You're gonna see lips, like you've never seen before,
You're gonna see hips, you'll remember ever more,
You're gonna see passion, that'll set your pulses on fire!
You're gonna see fashion, not many women acquire.
And when you put them all together, what do you see?
Fascinating, Intoxicating, Scintillating, Captivating - stunning me!

You're gonna see eyes; like you've never dreamed before,
You're gonna see thighs, that could start another war —
And when you put them all together, what do you see?
You see adorable, wonderful, beautiful, sexy me!

(excerpt) the morbidly obese Totie Fields, lyrics from "Stunning Me" original music
with orchestra for Las Vegas revue ca. 1971

Totie Fields (May 7, 1930 — August 2, 1978) American comedian, singer and actress. Fields was famous for her self-effacing humor, ad-lib wit and ebullient good humor. All her life she battled a weight problem, (she weighed 200 pounds and was only five feet tall) but instead of letting it get her down incorporated it into her act with great results. She never used obscene humor but her use of double entendre was extensive. In addition to stand up comedy, she was a talented singer who could tackle serious ballads but mostly enjoyed regaling audiences with humorous songs written for her performances.

Shirley Temple had charisma as a child. But it cleared up as an adult.

— Totie Fields

Sophie Feldman was born in Hartford, Connecticut. The family moved to Boston not long after and she started singing in clubs in Boston at a very young age. She began a serious career in comedy in the famous "Borscht Belt" in the Catskill Mountains in upstate New York. Their were nightly shows at these resorts, which catered to a predominately Jewish clientele.

I've been on a diet for two weeks and all I've lost is fourteen days.

— Totie Fields

She stole the above joke from comic Joe E. Lewis. Lewis's version was, "My doctor told me I was fat and I drank too much; so I went on the wagon for a week, and on a diet for a week. You know what I lost? Fourteen days."

She was brought to the attention of Ed Sullivan show after he saw her performing in a New York City night club. She was a hit and went on to appear on Sullivan's show forty times. When not appearing in Las Vegas or New York night clubs, she appeared on television talk shows, including the Mike Douglas Show and frequented the Merv Griffin show.

The versatile Fields wrote a funny diet book entitled "I Think I'll Start on Monday: The Official 8 1/2 oz. Mashed Potato Diet (New York: Hawthorn Books, 1972).

Do you like to shop? Ya like to bargain? I do. The other day I bought 20 pairs of panty hose for fifteen cents a piece. They had the seam running up the front. What can you do? I figured I'd learn to walk backwards.

— Totie Fields

She suffered myriad health problems toward the end of her life. In April of 1976, her left leg was amputated above the knee due to phlebitis. She surprised and delighted fans when shortly after she was fitted with a prosthetic leg she starred in a special on the then-brand-new HBO network. The program began with Fields seated in a wheelchair. During the initial applause, her audience roared and gave her a standing ovation when she stood up. She could laugh at her problems; an attribute that endeared her to millions. By 1977, breast cancer necessitated a mastectomy. She got back to work quickly, as always. A somewhat slimmer Fields even joked about the emaciation: "I've waited all my life to say this; I weigh less than Elizabeth Taylor". She refused to allow people to feel sorry for her.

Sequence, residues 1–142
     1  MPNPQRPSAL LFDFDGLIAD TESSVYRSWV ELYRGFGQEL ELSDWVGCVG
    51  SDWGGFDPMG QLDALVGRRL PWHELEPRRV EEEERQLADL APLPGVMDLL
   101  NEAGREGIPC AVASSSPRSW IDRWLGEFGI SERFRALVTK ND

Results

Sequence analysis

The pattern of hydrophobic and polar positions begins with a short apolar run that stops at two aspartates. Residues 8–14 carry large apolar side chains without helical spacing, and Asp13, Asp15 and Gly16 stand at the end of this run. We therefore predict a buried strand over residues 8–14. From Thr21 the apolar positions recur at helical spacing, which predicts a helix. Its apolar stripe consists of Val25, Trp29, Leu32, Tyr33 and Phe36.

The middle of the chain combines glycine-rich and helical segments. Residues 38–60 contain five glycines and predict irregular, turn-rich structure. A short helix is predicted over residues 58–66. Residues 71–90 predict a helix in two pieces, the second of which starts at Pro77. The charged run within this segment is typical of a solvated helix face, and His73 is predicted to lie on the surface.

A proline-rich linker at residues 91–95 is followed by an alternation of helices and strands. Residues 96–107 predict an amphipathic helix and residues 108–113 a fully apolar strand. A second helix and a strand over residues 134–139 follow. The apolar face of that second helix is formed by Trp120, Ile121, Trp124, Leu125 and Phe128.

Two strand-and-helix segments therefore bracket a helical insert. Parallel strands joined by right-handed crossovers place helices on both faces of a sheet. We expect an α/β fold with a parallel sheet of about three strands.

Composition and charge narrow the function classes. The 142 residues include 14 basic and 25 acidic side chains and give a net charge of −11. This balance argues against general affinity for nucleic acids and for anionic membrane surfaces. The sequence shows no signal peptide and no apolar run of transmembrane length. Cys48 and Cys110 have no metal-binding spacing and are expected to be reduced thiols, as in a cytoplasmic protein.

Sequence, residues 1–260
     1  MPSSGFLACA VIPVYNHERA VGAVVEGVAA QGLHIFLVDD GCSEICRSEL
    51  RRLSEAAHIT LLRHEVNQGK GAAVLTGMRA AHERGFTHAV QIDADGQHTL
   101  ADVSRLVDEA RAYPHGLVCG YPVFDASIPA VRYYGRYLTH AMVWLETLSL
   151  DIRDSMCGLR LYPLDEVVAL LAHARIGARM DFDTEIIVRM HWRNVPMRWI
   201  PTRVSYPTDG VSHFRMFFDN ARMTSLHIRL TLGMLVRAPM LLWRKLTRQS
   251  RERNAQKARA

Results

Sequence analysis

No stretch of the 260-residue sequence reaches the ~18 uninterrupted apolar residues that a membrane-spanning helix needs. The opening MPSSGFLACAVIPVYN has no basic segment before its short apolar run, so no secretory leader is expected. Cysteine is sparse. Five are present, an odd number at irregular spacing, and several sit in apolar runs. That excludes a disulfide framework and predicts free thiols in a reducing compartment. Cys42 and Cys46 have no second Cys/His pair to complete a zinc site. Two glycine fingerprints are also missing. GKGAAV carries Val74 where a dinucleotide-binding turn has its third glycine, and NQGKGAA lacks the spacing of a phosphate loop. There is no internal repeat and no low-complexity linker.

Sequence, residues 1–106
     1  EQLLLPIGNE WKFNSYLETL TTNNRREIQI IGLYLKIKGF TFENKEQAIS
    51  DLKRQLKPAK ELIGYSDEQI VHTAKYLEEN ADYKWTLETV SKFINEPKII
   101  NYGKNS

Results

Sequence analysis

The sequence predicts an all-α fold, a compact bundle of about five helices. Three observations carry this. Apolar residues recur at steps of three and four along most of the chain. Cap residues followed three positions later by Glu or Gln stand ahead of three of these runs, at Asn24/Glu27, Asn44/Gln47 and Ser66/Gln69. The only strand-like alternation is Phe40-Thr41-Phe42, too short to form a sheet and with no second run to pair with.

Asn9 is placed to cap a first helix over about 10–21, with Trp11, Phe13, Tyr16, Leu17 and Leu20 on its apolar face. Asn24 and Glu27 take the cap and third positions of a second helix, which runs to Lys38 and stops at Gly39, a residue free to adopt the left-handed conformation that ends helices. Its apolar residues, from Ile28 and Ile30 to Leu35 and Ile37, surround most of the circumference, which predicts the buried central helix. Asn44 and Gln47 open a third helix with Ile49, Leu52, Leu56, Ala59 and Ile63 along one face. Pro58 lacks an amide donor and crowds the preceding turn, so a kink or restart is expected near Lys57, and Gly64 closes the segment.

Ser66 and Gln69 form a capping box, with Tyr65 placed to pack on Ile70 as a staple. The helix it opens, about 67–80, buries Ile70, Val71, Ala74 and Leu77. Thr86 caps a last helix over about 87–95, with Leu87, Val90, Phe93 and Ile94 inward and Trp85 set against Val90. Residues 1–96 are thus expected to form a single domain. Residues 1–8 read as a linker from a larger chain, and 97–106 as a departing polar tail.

Famed comedienne Totie Fields returns to the stage for a special HBO presentation in which she offers a good-humored look at her frequent health problems while surrounded on all sides by the friends and family who saw her through the hard times. In using her numerous maladies as a source of humor, Fields shows courage in the face of adversity and offers a life-affirming stage show that is alternately hilarious and deeply moving.

— Jason Buchanan, All Movie Guide

1978 brought two awards from the American Guild of Variety Artists: "Entertainer of the Year" and "Female Comedy Star of the Year."

Would you like to wake up every day with a smile on your face? Go to sleep every night with a clothes hanger in your mouth.

— Totie Fields

Sadly, Fields suffered a fatal heart attack in Las Vegas on August 2, 1978. She is interred in the Mount Sinai Memorial Park Cemetery in Los Angeles.

Fields's fans can catch a glimpse of her in tapes of the popular Dean Martin "Celebrity Roast" series, in which she appeared frequently as a guest. Non-released appearances include "The Tonight Show with Johnny Carson," "Rowan and Martin's Laugh In," "The Bob Hope Show," "The Tony Orlando and Dawn Show," "The Lucy Show," a dramatic appearance on "Medical Center," as well as her myriad talk show appearances.

Two sources for this writeup hypothesize that Fields's husband, George William Johnston, who died in 1995, had refused to release films, tapes, and other recordings from Fields for reasons unknown, therefore the dearth of material by Fields available for purchase. Perhaps because George (who frequently attended her shows and traveled everywhere with her) was crushed by her early death (at only age 48) he felt it crass to capitalize on her body of work. Their two daughters, evidently, have continued to carry out his wishes that none of Totie's recorded material be released.

The headstone on their grave is touching; it reads "It takes two to make one."


  • (accessed 1/1/07)
  • (accessed 1/1/07)
  • "Comedy College" NPR (archives): (accessed 1/1/07) - includes a wonderful RealAudio piece with clips narrated by Bob Newhart
  • "Seeing Stars" website: (accessed 1/1/07)
  • (accessed 1/1/07)
  • IMDB: (accessed 1/1/07)
  • Smith, Ronald L., "Who's Who in Comedy" (pp. 159-160)  New York: Facts on File, 1992. ISBN 0816023387

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